As a shelter worker who has seen many dental problems I can tell you that if you just let it go, it can cause major health problems for the pet. We've gotten some stray dogs in whose teeth were so bad that their entire lower jaw rotted to the point of almost breaking in half. I'm not exaggerating, it was horrifying. It's not a common sight, but after everything I've seen, I try to make a point of getting my dogs' teeth cleaned once per year.
I think $300 is a bit high though. You can try doing a google search for low-cost vet care in your area and maybe come up with a better deal.


Thank you for all the advice.

Nortonsark, I wish I lived in Wa, I would go to you. I trust my vet not to be just pushing the procedure, she has been nothing but wonderful with my cats, and my dog (laid to rest almost 3 years ago now). Never overcharging for anything, or pushing stuff that didn't need to be done. I thought the price was high myself, but after calling around, and having a few friends tell me what they were charged, I don't think it's bad.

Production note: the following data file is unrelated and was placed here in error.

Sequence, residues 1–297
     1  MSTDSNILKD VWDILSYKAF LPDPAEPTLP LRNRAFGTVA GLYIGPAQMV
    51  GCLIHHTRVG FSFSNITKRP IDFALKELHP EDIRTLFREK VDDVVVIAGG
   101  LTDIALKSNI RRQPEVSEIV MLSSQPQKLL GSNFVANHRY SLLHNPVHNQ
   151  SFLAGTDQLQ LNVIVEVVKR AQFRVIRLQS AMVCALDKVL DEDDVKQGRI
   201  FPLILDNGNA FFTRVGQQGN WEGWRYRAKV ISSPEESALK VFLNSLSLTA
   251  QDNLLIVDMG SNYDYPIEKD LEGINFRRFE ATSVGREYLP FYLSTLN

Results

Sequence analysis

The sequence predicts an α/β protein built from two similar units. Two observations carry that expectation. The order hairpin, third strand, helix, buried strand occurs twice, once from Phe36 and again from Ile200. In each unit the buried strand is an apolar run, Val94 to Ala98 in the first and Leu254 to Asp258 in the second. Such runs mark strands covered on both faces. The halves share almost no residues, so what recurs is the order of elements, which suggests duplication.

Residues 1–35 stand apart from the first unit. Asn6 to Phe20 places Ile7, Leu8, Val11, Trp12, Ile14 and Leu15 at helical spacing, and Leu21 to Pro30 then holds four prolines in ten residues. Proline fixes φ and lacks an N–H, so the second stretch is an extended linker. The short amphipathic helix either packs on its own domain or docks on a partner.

One of my friends was quoted $500-600, he let it go and eventually the cats tooth fell out (it was one of the larger teeth in the front).

She mostly eats canned food anyway, so having them pulled probably won't affect her eating, nor the cost of feeding her. I'll buy her more crunchy treats.

My moms concern with the anesthesia springs from the vet who spayed her (NOT our current vet). He screwed up all three of my females when he spayed them. Looks like I'll just have it done though, I hate the idea of her being in pain.


Well, this is way later than the last post, but I just want to say that we lost our cat due to a dental cleaning on 06/06/13. Was told that her heart stopped shortly after they put her under. She was only 6-1/2 years old, and we have been to the same vet for over 3 years, since we adopted her from a local animal shelter. We cannot say if she had a heart condition, but I would make sure your vet states they STAY with your pet during the entire procedure - I think if they had, our Breeze would have been fine. I am not blaming the vet, or anything like that, but I think dental cleaning has become so "routine" for some vets, and they could have paid a little more attention - to say the least, our hearts are broken!